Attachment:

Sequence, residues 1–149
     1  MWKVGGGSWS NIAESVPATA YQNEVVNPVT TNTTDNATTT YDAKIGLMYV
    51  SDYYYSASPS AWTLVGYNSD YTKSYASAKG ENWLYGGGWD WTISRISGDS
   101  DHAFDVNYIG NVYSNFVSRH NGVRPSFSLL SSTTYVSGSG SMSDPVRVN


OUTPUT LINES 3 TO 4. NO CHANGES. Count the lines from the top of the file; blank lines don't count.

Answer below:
    51  SDYYYSASPS AWTLVGYNSD YTKSYASAKG ENWLYGGGWD WTISRISGDS
   101  DHAFDVNYIG NVYSNFVSRH NGVRPSFSLL SSTTYVSGSG SMSDPVRVN